South Florida Slash Pine
Pinus elliotii var. densa

South Florida Slash Pine

From the mid peninsula to the Florida Keys, South Florida slash pine was the dominant tree in South Florida before the arrival Europeans . Not to be confused with the North Florida variety which does poorly in South Florida soils and climate.

It is able to grow in soils from periodically wet to very dry and is tolerant of moderate salt air when planted behind coastal trees. The tap root makes this an extremely drought tolerant tree.

Although hurricanes have damaged trees that were weakened by over watering, most naturally occurring trees tolerated the high winds with minimal damage.

The leaves, which come in 2’s and 3’s, can be up to 12 inches long and give the young plants a bushy appearance. Many insects feed on the foliage and seeds or live in the bark and dead wood. These insects provide food for many bird species, especially woodpeckers and warblers. The cones are filled with oblong, lental sized seeds which are food for birds and squirrels.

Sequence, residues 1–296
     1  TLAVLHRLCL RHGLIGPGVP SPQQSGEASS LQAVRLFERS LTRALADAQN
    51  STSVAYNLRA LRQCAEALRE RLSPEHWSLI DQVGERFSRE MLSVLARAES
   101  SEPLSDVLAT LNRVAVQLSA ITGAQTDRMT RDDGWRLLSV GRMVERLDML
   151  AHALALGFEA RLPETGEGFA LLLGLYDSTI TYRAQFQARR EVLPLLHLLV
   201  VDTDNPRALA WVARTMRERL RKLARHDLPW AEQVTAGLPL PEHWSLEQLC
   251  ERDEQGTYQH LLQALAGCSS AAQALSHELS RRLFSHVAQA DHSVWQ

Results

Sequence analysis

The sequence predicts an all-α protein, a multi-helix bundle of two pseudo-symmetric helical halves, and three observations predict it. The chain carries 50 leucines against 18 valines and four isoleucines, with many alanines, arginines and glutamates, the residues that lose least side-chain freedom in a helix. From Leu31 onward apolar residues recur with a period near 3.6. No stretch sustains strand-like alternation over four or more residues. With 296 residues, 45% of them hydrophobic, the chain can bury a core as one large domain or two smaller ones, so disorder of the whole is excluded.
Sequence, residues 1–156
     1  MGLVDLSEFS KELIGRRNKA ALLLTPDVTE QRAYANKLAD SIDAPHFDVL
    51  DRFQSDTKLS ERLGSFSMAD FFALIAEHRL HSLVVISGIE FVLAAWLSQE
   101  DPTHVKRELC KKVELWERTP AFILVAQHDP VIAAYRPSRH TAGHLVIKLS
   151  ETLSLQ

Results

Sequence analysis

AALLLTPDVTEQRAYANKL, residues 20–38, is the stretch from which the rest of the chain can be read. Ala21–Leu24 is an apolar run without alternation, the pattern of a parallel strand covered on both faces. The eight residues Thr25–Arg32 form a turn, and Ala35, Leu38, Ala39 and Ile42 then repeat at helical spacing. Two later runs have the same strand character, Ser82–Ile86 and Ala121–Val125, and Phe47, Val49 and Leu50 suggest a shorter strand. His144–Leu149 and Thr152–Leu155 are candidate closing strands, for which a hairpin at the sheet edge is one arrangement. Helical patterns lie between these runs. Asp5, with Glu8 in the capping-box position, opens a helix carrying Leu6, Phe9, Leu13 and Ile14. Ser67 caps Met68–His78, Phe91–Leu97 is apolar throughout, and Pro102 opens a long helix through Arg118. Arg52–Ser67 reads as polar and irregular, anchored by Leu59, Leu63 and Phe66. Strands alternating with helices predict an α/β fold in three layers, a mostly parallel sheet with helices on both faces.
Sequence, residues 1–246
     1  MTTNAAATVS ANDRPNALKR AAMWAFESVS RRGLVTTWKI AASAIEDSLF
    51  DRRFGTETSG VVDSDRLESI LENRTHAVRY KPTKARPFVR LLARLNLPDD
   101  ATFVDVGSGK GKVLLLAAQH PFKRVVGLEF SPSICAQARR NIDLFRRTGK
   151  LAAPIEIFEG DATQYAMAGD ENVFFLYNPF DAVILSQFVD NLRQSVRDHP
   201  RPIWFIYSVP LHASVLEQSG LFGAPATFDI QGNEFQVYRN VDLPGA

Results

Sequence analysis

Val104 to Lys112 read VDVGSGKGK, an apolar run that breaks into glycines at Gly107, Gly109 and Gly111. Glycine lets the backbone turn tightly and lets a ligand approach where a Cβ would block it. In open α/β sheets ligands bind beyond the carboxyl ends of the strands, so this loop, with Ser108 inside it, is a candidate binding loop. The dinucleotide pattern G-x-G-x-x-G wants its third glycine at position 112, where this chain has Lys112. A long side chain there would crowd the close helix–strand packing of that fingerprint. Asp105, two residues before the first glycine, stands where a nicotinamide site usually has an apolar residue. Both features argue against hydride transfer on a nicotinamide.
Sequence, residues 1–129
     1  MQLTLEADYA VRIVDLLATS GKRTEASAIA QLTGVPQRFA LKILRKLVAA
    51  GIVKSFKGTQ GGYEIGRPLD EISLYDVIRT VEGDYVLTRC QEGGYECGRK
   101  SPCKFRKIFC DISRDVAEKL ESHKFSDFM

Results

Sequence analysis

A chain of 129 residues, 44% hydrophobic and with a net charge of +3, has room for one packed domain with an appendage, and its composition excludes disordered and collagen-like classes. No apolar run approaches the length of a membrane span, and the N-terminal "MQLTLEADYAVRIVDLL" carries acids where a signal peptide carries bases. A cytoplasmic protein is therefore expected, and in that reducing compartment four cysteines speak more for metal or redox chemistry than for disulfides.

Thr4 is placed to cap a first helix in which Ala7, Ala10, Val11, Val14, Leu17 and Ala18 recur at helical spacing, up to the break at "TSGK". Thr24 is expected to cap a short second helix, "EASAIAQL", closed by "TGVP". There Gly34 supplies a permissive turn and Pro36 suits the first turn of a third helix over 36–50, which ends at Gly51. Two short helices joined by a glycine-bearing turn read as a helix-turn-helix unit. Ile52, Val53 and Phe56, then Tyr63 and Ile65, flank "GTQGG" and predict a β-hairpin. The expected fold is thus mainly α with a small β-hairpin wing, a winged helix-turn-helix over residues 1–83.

Every yard in South Florida should have at least one of these trees in it. This would recreate the habitat that supports much of our wildlife and which enables birds to move through the area without being exposed to predators. Even a dead pine provides nest sites for woodpeckers, osprey, and other creatures.

Under plant with saw palmetto, coontie, beauty berry, andropogon grasses and other native grasses or just let the needles fall on bare ground. If you must have lawn grass under this tree, do not water or you will weaken and possibly kill your pines. The soil is moister and shaded under the pines so watering should not be needed. Do not bag the clippings as they add organic matter to the soil. Try to spread the needles under the tree so you don’t have to drive the mower over the trees’ roots.

Imagine our communities connected by slash pines, broken by areas of various types of hammocks (oak, coastal, wetland) and cypress domes, or expanses of native grasses and wildflowers.

Restoring these habitats would result in an increase in our bird populations. And no more worrying about water use or salt water intrusion or pollution of our aquifer by lawn chemicals. We could enjoy quiet summer months with the lawn mowers, weed eaters etc. sitting idle.